Church Request to Drop Suits Draws Fire

By Robert O'Neill
Associated Press, carried in Newsday
January 11, 2003

BOSTON -- A lawyer for alleged victims of clergy sexual abuse criticized a motion by the Boston Archdiocese to dismiss hundreds of lawsuits filed against the church.

Roderick MacLeish, who represents hundreds of alleged victims, blasted the archdiocese's arguments that civil law does not apply to how religious organizations supervise their personnel.

"Their position is that they have no accountability to anyone," MacLeish said Friday.

The archdiocese has said the legal move was necessary to satisfy its insurance carriers in hopes at least a portion of any settlement costs, estimated at millions of dollars, will be covered.

Superior Court Judge Constance Sweeney is expected to hear arguments on the motion Jan. 17.

MacLeish's response came a day after the release of Cardinal Bernard Law's appointment calendar showing he had numerous meetings during his tenure as archbishop of Boston with priests accused of sexually abusing minors, despite his claims that his role in supervising accused priests was minimal.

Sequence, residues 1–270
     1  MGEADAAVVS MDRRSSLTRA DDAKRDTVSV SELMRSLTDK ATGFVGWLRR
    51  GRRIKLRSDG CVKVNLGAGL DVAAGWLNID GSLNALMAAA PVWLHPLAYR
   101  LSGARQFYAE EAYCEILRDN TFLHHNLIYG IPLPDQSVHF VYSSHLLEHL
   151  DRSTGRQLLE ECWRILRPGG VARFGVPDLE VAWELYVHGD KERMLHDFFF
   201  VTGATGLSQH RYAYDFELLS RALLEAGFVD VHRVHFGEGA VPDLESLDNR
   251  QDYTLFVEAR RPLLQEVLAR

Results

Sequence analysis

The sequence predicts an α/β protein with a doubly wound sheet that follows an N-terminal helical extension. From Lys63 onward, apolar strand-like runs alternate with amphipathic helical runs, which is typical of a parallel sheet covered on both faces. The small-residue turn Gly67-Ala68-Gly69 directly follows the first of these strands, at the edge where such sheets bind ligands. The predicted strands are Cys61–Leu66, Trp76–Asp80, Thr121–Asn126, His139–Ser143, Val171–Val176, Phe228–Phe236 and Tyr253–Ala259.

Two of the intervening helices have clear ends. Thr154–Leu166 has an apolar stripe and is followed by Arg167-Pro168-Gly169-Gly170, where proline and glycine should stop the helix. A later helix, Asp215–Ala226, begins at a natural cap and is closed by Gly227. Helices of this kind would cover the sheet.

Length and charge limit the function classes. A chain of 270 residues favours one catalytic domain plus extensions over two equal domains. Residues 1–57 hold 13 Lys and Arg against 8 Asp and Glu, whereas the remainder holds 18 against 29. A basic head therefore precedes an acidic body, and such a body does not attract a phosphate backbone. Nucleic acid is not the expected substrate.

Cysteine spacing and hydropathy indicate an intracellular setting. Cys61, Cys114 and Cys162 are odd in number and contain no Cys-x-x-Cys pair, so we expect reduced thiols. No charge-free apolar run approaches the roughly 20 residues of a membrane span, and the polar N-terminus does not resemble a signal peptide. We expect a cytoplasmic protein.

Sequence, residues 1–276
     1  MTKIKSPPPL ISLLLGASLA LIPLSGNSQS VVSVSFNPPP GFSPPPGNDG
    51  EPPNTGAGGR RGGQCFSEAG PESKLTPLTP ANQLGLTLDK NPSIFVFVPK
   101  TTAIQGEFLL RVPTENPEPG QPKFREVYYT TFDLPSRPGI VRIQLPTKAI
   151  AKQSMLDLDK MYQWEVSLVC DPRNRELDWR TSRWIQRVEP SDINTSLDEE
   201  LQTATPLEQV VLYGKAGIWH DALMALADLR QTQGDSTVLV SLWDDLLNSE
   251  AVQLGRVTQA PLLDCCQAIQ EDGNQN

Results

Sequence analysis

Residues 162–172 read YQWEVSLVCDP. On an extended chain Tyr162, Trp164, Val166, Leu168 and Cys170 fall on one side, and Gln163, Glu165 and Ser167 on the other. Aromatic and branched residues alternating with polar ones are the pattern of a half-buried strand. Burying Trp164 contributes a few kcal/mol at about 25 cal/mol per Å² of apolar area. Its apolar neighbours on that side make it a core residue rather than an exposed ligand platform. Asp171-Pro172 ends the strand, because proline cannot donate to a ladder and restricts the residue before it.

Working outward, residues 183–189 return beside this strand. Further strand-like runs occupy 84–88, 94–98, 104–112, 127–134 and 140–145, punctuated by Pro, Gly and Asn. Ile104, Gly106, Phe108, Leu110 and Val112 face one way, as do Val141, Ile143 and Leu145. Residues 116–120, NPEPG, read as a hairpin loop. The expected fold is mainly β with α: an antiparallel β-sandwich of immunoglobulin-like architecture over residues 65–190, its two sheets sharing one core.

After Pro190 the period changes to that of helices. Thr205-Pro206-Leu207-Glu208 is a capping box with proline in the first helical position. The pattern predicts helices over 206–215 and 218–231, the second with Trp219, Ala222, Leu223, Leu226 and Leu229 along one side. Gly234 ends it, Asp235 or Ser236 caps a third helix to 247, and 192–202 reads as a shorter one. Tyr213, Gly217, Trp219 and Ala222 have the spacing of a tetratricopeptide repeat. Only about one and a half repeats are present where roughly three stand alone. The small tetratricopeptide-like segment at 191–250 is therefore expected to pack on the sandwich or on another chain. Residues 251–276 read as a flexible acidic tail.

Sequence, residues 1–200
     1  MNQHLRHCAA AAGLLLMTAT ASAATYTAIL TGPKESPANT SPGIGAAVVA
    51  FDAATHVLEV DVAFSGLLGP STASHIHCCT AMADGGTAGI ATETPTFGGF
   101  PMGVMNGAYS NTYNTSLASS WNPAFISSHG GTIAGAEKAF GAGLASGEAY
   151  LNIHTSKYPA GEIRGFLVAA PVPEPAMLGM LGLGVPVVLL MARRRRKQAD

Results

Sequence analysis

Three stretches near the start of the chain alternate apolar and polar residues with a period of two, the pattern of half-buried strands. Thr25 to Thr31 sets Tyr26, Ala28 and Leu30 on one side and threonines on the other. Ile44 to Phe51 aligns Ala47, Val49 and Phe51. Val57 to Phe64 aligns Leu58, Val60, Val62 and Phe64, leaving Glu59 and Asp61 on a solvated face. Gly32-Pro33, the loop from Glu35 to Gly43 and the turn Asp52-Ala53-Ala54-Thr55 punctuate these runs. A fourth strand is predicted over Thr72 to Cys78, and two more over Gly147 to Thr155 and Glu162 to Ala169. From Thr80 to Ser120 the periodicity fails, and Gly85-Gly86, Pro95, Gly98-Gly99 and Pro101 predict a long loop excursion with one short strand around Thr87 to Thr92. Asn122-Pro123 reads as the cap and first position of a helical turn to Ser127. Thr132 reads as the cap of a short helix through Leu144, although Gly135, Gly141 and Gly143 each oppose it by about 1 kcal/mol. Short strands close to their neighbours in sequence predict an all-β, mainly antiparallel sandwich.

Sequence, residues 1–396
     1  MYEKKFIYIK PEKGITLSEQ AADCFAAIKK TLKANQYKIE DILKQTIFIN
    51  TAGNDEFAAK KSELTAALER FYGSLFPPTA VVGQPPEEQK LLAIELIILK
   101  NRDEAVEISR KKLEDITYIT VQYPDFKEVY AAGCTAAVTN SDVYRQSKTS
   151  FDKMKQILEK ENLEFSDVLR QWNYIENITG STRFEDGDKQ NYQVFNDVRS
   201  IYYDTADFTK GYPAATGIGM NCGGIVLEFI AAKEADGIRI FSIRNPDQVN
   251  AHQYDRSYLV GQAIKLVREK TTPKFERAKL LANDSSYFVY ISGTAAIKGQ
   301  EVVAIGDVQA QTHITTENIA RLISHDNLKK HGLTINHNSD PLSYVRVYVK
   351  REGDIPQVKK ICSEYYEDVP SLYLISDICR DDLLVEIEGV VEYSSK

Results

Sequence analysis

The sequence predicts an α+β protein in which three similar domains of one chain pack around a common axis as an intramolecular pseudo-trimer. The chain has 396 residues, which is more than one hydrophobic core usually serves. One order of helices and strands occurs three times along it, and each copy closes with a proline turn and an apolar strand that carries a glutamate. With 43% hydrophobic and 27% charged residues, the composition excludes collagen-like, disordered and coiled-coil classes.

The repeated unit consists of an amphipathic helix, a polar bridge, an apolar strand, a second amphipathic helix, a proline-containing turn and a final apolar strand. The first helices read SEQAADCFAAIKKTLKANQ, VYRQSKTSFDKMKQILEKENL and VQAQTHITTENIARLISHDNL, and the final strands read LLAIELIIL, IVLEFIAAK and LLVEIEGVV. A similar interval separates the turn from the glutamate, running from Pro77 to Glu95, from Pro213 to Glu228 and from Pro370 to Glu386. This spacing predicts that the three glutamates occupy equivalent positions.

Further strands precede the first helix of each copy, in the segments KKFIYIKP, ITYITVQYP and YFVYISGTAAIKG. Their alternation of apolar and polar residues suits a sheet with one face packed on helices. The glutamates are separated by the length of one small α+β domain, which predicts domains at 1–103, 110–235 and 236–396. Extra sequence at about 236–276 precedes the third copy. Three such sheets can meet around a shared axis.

More than 800 pages of Law's calendar, released publicly Thursday, show Law had scheduled meetings with at least 20 priests who were either then or later accused of sexually abusing minors. Law resigned as archbishop last month.

The calendar entries do not indicate the subject of the meetings or whether the priests Law met with had already been accused of sexually abusing minors. The records also do not indicate if Law kept each appointment.

But lawyers for alleged victims who are now suing the Boston archdiocese for the failure of Law and other church supervisors to remove abusive priests say the records show a pattern of Law supervising those priests. In pretrial depositions in the civil cases over the last year, Law repeatedly claimed that he left the supervision of priests to his subordinates.


Any original material on these pages is copyright © 2004. Reproduce freely with attribution.